Spectator sports have a funny way of making me, and probably a lot of others, think about time.
A Penn State game from 1996? I remember every detail of the day. A conversation I had last week? I remember bits and pieces.
Selective memory, I’m sure. But this week, in reading (and writing) about Saturday’s game against Northwestern, I came to realize that it’s been five years since the two teams met.
Five years? Part of me was shocked it had been that long, but then I remembered a lot about attending that 2017 game in Evanston: where I parked, what hotel I stayed at, where I ate on the drive back home.
But what I mostly remember about that day was watching Penn State in warmups and having a glowing feeling about the program moving forward from that day.
Penn State was better at every spot, deeper at every position, and, frankly, just so obviously more athletic all over the field than the Wildcats. It wasn’t a particularly memorable game. Tommy Stevens scored a touchdown. Saquon Barkley broke one explosive play. But, overall, Penn State just exerted its will all day long and came away with a not-even-that-close 31-7 win.
Anything seemed possible that day. A Barkley Heisman. A second straight Big Ten title. A first trip to the college football playoffs.
Yet five years later, almost unbelievably, Penn State hasn’t been back to Indianapolis while Northwestern has twice worked its way to the Big Ten Championship game. Of course, this isn’t to say that Penn State hasn’t been the more successful program in the years since - there have been a lot of weeks ranked in the top ten and those trips to NY6 bowl games.
During his Tuesday press conference, James Franklin spent a fair amount of time speaking about building depth and keeping people fresh with rotations. Earlier, before the season, Franklin over and over remarked how there was a return to normalcy for his program and much of that was tied to the depth that they had accrued and been able to use in practice.
Five years ago, it seemed Penn State had that depth - though notably not on the offensive line.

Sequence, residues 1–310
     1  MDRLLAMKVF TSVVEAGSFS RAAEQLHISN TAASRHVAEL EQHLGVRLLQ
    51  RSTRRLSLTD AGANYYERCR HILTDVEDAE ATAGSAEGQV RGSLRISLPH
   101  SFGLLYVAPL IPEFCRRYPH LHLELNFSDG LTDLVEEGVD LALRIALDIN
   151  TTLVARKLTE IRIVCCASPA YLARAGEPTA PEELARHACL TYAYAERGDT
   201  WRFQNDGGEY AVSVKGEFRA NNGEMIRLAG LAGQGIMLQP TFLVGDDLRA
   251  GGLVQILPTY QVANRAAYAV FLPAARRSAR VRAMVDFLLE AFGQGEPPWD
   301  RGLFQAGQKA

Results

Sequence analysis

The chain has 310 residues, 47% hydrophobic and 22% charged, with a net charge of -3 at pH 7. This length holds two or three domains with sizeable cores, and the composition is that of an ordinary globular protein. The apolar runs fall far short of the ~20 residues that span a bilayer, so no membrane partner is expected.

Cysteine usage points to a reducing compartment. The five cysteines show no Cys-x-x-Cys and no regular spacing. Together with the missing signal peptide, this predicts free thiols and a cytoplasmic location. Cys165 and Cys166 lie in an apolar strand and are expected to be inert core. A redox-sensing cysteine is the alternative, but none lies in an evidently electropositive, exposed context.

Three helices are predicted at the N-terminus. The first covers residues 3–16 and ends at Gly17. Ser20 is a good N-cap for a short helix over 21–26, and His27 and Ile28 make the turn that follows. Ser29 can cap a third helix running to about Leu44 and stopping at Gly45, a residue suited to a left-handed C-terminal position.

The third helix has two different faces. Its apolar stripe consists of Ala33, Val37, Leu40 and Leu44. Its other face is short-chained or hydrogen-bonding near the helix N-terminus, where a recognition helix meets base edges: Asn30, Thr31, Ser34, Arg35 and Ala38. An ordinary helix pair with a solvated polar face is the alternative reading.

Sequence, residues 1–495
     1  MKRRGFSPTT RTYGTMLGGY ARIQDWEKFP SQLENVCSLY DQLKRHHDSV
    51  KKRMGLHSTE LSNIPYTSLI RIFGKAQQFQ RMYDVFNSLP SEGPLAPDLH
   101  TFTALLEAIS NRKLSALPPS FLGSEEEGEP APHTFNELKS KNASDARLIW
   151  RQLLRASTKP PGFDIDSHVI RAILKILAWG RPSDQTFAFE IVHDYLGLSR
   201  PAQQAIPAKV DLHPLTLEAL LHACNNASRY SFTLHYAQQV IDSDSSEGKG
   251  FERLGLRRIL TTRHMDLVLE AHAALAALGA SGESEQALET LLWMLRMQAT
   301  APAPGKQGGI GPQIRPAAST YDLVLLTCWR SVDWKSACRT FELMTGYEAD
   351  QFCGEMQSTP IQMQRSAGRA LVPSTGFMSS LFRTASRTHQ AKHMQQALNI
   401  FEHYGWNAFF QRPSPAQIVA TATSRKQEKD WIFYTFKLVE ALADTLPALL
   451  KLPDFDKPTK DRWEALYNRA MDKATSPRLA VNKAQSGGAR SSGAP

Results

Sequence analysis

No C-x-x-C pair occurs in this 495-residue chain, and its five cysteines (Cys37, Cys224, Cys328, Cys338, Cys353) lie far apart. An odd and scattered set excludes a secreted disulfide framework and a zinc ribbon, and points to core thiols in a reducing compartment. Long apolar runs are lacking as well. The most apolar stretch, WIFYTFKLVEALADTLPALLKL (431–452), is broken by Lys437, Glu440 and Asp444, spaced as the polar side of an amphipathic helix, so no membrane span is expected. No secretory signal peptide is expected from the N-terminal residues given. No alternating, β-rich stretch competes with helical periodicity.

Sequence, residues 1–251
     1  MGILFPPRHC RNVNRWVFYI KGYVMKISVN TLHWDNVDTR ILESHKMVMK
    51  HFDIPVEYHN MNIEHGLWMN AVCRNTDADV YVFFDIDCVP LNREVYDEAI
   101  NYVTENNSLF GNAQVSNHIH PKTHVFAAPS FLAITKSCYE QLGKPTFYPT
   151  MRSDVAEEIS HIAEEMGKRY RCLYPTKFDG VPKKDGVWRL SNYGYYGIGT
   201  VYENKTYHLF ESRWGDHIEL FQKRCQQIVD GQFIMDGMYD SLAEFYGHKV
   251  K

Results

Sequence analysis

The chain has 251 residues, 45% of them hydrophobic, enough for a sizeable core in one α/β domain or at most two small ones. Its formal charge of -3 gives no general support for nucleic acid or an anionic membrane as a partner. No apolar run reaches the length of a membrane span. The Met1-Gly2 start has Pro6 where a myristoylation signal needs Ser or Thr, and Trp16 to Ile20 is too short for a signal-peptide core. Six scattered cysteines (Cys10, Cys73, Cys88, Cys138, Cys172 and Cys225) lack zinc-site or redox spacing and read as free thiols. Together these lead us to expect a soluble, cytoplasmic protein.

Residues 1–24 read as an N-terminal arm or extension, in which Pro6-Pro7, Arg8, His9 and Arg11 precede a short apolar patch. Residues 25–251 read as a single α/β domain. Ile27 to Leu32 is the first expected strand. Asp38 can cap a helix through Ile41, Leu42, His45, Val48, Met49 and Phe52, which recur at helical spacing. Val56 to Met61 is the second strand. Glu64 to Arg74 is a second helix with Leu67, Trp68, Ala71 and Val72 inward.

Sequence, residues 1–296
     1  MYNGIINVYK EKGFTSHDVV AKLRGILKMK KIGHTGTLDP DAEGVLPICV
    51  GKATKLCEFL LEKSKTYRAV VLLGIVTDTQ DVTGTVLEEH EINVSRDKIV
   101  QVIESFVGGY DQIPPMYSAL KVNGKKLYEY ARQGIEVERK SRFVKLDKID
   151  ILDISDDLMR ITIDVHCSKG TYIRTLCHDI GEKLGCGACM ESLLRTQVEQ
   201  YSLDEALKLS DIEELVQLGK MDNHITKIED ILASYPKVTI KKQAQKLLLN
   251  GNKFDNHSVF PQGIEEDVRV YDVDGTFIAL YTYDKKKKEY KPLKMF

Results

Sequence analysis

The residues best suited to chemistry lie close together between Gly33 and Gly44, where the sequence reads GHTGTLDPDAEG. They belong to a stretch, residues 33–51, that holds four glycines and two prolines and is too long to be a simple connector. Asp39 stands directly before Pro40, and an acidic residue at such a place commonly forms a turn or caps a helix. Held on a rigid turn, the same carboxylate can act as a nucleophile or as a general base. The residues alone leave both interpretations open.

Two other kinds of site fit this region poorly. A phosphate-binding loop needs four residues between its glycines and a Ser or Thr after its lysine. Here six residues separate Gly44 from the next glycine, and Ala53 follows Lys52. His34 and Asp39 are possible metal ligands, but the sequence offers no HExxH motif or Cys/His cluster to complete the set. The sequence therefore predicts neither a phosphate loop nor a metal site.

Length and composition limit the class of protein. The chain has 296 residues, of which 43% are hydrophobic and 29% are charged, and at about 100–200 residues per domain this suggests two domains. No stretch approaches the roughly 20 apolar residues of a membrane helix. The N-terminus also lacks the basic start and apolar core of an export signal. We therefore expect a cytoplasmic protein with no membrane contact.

Meanwhile, over the years, Northwestern, while not a rival by any stretch of the imagination, has proved an interesting barometer for Penn State.
In 1995, they showed that in more modern college football, it was possible for nearly anyone to have a championship caliber season every so often.
In 1996, Penn State used a blowout win over Northwestern to reassert itself as one of the best programs in the country. But, in 1997, Penn State held on in Evanston and we all got a sneaking suspicion that the Lions weren’t that good and might be exposed a week later by Michigan.
Nothing signified the dark years quite like scoring a combined 14 points in 2003 and 2004 in two losses against the Wildcats, while we all know that Michael Robinson’s last second rally in 2005 was the warning shot to Penn State winning the Big Ten.
In 2012, it was a gritty 39-28 win against a ranked Northwestern team that stands out as one of the major highlights of Bill O’Brien’s famed group of fighters.
The 2014 loss certainly acted as a reminder that we weren’t quite where we wanted to be despite a spotless record in Franklin’s first year.
Now, headed into Saturday, the first game in what will be a really telling October, I am interested in seeing how this depth and talent performs. What will we remember in five years about this Northwestern game?